Times Literary Supplement
"Spectacularly beautiful...This will be the English Heike for our time and for many decades to come."
Praise for THE TALE OF GENJI
“Superbly written and genuinely engaging…one of those works that can be read and reread throughout one’s life.”
The New York Times Book Review
“An enormous achievement.”
The Wall Street Journal
“A new translation that makes Genji accessible to contemporary readers is a landmark event. [Tyler’s translation has clearly been a labor of love. In his beautifully written translation he tries to get as close to the original as possible, immersing us in eleventh-century Japan. Mr. Tyler’s translation is richly embellished with footnotes that flag for us everything that Murasaki and her contemporaries would have taken for granted. All in all, Mr. Tyler’s translation is likely to be the definitive edition of The Tale of Genji for many years to come.”
“The Tale of Genji set an insanely high standard for anything that came after it. This latest edition is reader friendly at every turn, with generous footnotes, character lists and lots of illustrations to show what robes looked like, or swords, or houses. You have to reach for comparisons to Tolstoy or Proust to convey just what a captivating experience this story can be."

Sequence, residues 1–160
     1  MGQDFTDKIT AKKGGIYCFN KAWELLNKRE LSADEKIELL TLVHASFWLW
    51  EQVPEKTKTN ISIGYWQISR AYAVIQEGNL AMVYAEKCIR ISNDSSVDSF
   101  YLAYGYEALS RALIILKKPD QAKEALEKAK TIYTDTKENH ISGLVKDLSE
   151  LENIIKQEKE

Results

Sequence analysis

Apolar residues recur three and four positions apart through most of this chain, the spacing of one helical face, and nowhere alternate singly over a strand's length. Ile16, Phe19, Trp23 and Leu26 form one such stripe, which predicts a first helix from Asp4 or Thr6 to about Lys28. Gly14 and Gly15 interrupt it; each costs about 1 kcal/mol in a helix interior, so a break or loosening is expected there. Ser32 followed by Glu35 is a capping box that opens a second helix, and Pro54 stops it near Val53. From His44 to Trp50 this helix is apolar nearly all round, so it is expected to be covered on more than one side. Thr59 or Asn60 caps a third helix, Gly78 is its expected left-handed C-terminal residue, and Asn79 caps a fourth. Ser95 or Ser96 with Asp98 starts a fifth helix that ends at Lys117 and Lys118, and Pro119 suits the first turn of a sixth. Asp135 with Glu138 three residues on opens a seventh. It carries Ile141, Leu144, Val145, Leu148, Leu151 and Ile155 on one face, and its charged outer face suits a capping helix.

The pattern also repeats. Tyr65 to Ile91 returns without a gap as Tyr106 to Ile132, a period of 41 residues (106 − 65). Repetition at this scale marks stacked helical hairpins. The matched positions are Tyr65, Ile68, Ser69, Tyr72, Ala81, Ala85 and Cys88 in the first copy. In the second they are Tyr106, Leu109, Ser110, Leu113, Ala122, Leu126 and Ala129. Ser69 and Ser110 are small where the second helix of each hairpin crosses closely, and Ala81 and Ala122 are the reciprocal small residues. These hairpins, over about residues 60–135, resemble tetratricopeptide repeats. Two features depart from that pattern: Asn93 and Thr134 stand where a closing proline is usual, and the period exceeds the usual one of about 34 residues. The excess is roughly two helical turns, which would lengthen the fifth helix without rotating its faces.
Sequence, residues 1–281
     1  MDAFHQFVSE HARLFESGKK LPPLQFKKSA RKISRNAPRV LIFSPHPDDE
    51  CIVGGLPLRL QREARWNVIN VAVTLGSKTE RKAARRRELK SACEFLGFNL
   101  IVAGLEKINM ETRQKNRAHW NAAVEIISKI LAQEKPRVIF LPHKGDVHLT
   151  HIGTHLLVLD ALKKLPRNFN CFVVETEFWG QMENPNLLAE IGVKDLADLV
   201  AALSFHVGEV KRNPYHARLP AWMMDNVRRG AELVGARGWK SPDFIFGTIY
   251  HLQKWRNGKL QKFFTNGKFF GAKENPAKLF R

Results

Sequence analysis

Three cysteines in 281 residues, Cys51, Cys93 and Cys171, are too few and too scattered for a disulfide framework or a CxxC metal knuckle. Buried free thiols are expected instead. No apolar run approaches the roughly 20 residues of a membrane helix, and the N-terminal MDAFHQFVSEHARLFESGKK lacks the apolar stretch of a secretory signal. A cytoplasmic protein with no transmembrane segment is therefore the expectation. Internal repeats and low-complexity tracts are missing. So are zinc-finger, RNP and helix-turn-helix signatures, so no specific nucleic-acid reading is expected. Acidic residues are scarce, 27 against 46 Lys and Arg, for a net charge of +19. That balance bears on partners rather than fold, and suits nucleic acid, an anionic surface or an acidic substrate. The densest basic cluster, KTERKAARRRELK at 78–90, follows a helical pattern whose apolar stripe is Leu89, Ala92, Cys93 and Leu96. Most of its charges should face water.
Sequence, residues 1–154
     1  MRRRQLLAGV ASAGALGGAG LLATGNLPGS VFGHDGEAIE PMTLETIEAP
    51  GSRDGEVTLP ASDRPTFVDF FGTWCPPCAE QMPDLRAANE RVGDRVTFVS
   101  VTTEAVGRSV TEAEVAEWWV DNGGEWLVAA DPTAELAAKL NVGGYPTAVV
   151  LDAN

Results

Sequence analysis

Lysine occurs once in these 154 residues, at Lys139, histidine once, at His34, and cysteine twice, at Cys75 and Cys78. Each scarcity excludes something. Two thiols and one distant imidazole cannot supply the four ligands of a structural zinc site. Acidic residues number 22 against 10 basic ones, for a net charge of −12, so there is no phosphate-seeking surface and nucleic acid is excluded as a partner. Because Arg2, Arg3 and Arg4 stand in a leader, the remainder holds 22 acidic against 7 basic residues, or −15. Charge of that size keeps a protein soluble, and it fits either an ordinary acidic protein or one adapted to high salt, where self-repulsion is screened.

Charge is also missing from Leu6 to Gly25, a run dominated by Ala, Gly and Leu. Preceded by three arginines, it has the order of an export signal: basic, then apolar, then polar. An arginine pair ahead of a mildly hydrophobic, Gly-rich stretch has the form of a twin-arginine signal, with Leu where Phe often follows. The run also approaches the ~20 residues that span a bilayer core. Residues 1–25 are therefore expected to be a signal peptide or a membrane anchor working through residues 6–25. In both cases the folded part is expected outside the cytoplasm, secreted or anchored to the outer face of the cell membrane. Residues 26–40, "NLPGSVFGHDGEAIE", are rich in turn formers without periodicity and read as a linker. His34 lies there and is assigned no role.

The New Yorker
“Tyler’s delicate ear for the language of the original helps breathe new life into the story of Genji.”
The Philadelphia Inquirer
“Though [Murasaki’s] setting was the royal Japanese court of one thousand years ago, her characters managed to draw the reader into their passion and terrors in an uncannily modern way. [Tyler’s translation is] beautifully readable…it sets a new standard. Not only is this new English edition the most scrupulously true to the original, it also is superbly written and genuinely engaging. We are blessed to have Tyler’s help in reading it.”
The Washington Post Book World
“Tyler has long shown himself to be one of the finest translators of Japanese in our era. In producing this new Genji translation, he has been able not only to draw upon his own skills as a writer, but also to build on the efforts and accomplishments of his predecessors…the Tyler version is by far the most helpful to the general reader.”
The Cleveland Plain Dealer
“[Tyler] has crafted an elegant translation that remarkably renders this eleventh-century tale in language so lively, vivid and transparent, one could easily believe that the book was written by some gifted postmodernist. Royall Tyler devoted space to explaining, through the introduction and footnotes, nuances of the time, helping help us place them into a modern context. This edition of The Tale of Genji is beautifully realized, both as translation and as a seamless art object.”